There are a number of challenges to produce such a pattern - in particular manipulating the 'seed' pattern to rotate and scale it along with being able to clone it and produce many overlapping copies.
Here's the final result :
Starting with a 'heart' node group we can generate a single instance of the pattern :
The heart will be centred around (0,0) so using Object coordinates will position it at the origin of the object. This is important since it is the origin that will be used for any rotation and scaling.
Rotation can be achieve with the following node group :
This applies the rotation using SIN and COS functions as :
$X = x*cos(angle) - y*sin(angle)$
$Y = x*sin(angle) + y*cos(angle)$
Note that the input Rotation is multiplied by $2*pi$ so that 0.0 to 1.0 relates to a full rotation.
Similarly, scaling can be produced by a Scale node group :
In order to get multiple hearts we need to arrange the input coordinates so that we can generate multiple 'origins' - with each 'heart' centred on an 'origin' where the coordinates are (0,0). We can achieve this using the Modulo function. The Modulo takes one input value and divides it by the other, outputting the remainder. In this way as the input increases the output will also increase but once it reaches the divisor value will jump back down to zero and begin again. By using the Modulo function on both the X and the Y coordinates we can break the texture space into a number of cells - similar to that described here https://blender.stackexchange.com/a/26703/29586.
Note how the Modulo result produces repeating coordinates - useful for our multiple origins. By subtracting the Modulo from the orignal vector we can create an output that is constant over each cell - we can use this to generate a random value for rotation/scale per cell.
Using these manipulated coordinates we can create multiple hearts - one per cell :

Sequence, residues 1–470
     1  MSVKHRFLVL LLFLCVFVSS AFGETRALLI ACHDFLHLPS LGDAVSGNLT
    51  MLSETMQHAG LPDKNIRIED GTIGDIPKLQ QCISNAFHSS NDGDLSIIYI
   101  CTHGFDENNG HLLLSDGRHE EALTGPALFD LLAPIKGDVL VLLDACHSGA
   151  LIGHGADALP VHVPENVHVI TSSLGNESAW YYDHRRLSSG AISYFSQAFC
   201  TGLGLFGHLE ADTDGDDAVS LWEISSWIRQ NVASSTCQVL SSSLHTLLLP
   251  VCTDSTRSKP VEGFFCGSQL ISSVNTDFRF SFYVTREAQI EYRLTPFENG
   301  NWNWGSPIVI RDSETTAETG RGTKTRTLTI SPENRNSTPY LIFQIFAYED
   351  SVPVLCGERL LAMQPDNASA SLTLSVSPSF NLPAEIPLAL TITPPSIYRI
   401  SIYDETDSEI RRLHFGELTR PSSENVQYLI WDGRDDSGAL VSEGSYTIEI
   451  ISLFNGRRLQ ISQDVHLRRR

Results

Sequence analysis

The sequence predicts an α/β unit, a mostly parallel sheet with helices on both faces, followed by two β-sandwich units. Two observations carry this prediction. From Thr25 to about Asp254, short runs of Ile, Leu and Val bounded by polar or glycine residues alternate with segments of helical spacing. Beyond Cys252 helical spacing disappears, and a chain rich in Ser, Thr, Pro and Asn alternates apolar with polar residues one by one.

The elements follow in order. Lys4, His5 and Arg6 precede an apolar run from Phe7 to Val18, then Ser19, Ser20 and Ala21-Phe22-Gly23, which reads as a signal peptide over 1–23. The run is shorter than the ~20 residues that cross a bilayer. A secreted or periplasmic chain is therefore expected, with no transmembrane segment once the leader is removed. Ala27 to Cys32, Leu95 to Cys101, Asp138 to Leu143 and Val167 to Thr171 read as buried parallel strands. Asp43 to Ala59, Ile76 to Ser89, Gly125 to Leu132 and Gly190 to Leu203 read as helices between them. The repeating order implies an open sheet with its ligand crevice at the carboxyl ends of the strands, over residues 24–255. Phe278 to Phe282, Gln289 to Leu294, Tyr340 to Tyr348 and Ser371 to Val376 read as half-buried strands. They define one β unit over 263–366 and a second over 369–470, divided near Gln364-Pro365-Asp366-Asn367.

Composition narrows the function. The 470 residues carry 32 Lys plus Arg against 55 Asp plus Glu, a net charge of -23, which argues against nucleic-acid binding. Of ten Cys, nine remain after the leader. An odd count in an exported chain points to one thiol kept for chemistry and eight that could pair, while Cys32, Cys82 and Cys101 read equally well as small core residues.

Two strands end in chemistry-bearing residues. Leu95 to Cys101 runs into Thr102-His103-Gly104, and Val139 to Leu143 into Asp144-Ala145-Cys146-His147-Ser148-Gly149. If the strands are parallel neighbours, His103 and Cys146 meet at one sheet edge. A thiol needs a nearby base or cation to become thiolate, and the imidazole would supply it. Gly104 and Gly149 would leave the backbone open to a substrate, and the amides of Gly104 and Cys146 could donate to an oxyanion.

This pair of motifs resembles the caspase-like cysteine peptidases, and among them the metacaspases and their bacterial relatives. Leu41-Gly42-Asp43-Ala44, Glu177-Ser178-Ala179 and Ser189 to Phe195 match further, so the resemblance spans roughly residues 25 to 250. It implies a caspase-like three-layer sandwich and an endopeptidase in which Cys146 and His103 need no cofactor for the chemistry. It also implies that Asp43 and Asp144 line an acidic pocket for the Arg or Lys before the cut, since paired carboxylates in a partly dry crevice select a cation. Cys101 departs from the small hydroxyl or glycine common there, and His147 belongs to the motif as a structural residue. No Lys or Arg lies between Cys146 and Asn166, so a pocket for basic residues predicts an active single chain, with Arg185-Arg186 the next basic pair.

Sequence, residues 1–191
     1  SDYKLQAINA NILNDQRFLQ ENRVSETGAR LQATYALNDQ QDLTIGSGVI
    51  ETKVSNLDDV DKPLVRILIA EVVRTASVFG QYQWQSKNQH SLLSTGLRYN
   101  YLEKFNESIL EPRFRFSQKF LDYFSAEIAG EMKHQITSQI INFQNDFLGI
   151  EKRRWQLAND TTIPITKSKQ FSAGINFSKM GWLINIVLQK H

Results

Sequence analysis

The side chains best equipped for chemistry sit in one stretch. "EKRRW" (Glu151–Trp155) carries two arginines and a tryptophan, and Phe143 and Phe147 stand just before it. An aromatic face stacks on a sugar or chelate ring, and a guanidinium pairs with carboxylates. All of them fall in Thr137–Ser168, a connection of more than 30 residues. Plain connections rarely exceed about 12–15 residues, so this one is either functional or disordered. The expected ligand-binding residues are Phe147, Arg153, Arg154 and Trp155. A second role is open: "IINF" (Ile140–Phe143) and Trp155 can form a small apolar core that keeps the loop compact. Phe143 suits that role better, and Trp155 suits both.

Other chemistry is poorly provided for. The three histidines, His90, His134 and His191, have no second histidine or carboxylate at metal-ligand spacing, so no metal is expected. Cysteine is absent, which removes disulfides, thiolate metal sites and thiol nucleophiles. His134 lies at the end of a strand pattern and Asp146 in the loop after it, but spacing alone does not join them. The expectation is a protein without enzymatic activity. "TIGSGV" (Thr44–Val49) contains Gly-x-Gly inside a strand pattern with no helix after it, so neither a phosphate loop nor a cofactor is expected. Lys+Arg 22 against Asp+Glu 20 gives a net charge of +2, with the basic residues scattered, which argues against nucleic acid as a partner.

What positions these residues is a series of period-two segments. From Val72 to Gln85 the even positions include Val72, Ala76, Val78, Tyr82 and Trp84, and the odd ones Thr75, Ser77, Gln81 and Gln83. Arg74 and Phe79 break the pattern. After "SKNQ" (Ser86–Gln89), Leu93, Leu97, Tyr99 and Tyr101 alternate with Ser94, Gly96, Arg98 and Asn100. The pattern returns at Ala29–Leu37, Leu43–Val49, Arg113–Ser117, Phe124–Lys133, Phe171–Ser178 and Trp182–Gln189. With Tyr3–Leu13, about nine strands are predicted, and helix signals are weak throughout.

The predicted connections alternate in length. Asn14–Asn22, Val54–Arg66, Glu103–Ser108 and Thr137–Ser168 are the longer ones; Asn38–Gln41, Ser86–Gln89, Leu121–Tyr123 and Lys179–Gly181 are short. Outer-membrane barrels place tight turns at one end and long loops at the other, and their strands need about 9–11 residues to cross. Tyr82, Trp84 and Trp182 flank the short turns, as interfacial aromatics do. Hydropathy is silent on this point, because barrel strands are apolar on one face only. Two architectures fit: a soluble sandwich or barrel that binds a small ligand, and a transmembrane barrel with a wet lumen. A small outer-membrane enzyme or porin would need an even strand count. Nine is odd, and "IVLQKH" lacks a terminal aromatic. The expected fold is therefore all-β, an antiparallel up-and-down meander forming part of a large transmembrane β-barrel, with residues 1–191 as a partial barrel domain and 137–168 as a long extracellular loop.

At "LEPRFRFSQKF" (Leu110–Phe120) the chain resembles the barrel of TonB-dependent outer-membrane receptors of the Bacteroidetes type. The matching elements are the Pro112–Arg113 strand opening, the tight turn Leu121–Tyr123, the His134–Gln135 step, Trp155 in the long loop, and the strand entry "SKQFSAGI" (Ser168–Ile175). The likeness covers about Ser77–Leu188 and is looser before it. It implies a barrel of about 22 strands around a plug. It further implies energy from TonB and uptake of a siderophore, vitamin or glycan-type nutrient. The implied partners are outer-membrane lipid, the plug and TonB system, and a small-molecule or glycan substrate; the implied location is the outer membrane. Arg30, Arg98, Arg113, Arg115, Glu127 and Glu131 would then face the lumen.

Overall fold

Using Noise textures we can generate a displacement, rotation, and scale for each instance of the heart.
Note, however, that each heart is bound by the walls of its cell - try and move them outside this region and it will be clipped. This means that the generated hearts can never actually overlap.
One way to address this is for each cell to also render the hearts from its immediate neighbours. This will allow elements to overlap to the extent of one whole cell. Keeping the displacement low enough to ensure that no heart extends beyond its neighbours' boundaries will avoid clipping at those further boundaries.
To demonstrate, see the following image :
In the above image the cell edges have been shown and the hearts coloured based on which 'cell' it is acually originating from - with white representing it being within the boundary of its own cell, blue shows where it is the heart from the cell to the 'west', red the heart from the 'east', yellow and green from the south and north respectively, cyan, brown, orance, light-blue for the corners.
These 'neighbour' hearts are generated by an extra set of 'heart' node groups, offset based on a set of additional vectors set to '(-1,-1)', '(-1,0)', '(-1,1)', '(0,-1)', '(0,1)', '(1,-1)', '(1,0)', '(1,1)'.
The outputs from each of these groups are combined (using simple Maximum maths nodes) to produce the final output.
To extend this to images, all that is required is to replace the 'heart' node with the image (adjusted to set the origin to the centre) and change the method of combining the images to take account of the color channels.
The above may seem overly complicated but it does convey a significant advantage - the rendering of each 'cell' can take account of the position, location and scale of all surrounding cells. This allows for some interesting effects such as custom Voronoi, blending between objects, controlling how they overlap, etc. - either those 'bigger' ones always on top, for example, or scales (fish scales, dragon scales, etc.) could be randomly displaced and overlapped, but those further 'up' the texture always overlaying those 'below' - but that's outside the scope of this answer.
Blend file included